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Monsoon of Memories: Divine Sweets!

By Purva Grover Email By Purva Grover
September 2023
Monsoon of Memories: Divine Sweets!

 When Gods and Goddesses themselves have sanctified these rich, sugar-and- ghee-laden indulgent bites, who are we to reject them? And that’s my belief behind my lifelong infatuation with Indian mithai!

I remember Tuesdays from my childhood mostly for the fistfuls of boondi—the Indian mithai made with gram flour, saffron, almonds, cardamom, ghee, and sugar—that I would get to gobble up. The tradition of boondi on Tuesdays has to do with Lord Hanuman—it is his prasaad. But, at the time, I was too young to care about that. For me, the aroma of the blend of ghee and sugar was enough to declare Tuesday as the best day of the week. I bought a few grams of it, with a promise to myself to not eat it while walking home. Of course, I struggled to keep that promise, and my family learned not to complain!

This, in short, is a tale of how I fell in love with the Indian mithais and how I continue to romance it to date. And while I don’t have a sweet tooth, what I can’t resist is a combination of dollops of ghee and spoonsful of sugar. So, when I say mithai, I mean the real deal—not the packaged, sugar-free ones, or those that that have been dialed down for the health-conscious folks. I love to eat healthy, but I make an exception when it’s time for the Indian festive season, which is just around the corner.

How can anyone resist modaks at Ganesh Chaturthi? When Lord Ganesha burped after eating Anusuya’s modak followed by Lord Shiva who, after eating them, burped 21 times, Goddess Parvati found out that it was from the satiety of the modaks and she expressed a wish that devotees of Ganpati always offer 21 modaks to him. The devotee that I am, I can have all 21 of them in a single sitting!

As a child, adults fasting for Navratri meant a feast for us. We’d be spoilt for choices—badam halwa, makhana and sabudana kheer, basundi, and more. The finale was, of course, the special meal of halwa-puri-chana, which we consumed not only at home but gracefully and greedily gorged on the portions that were sent in by the neighbors!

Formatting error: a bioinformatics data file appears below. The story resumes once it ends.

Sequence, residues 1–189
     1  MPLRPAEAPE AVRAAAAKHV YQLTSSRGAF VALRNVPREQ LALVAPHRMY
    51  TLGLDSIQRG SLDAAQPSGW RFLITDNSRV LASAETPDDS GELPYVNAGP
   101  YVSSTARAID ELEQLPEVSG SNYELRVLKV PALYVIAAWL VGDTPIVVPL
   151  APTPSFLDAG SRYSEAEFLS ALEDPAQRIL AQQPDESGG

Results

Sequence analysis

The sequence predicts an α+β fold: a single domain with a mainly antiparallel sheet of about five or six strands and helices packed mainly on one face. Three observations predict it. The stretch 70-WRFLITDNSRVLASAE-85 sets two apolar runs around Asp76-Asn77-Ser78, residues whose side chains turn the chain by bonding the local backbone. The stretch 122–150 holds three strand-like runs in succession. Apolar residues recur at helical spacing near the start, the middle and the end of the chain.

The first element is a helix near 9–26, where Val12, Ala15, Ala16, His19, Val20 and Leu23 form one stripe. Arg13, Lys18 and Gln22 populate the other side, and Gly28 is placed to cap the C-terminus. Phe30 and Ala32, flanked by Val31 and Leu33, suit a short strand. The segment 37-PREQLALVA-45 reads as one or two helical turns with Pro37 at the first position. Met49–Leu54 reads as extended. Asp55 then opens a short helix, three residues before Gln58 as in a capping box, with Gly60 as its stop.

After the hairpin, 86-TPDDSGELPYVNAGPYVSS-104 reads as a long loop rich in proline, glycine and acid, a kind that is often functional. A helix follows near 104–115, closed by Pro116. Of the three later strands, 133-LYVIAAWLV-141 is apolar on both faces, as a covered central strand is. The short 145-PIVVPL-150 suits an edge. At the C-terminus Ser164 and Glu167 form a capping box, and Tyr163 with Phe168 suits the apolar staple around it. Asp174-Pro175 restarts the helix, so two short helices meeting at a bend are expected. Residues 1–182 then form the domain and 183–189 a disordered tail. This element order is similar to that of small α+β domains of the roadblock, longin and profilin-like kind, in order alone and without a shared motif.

Then there were the visits to gurudwara which, festivals aside, always translated to an indulgence of lovingly-prepared halwa, the kada prashaad. Once again, the ghee would be the core ingredient, enhanced with the dedication, passion, and commitment of the hands that volunteered in the langar, the community kitchen, to prepare it for the community. If you’ve ever had halwa at a gurudwara, then you’d know that no preparation from a shop or home can come close to the kada prashaad made with wheat flour drenched in ghee and sugar. It is smooth, soft, velvety, and rich!

Dussehra was dedicated to jalebi, Onam always meant a bowl of payasam, and we ended the year with plum cake for Christmas, only to get excited about celebrating Lohri in January with gur-rewari and sesame seeds-loaded chikki.

When I look back at my growing-up years, I recall loved ones all gathering over sweets and ensuring that no one has just one serving. As I look ahead, I can’t wait to share a table of gulab jamuns on Diwali and gingerbread cookies for Christmas—and yes, no cheeni kum (less sugar) for me or my loved ones.

Purva Grover is an author, journalist, poet, playwright, and stage director. A postgraduate in mass communication and literature, she is the founder editor of The Indian Trumpet, a digital magazine for Indian expats in the UAE. She can be reached at grover.purva@gmail.com. To comment on this article, please write to letters@khabar.com.

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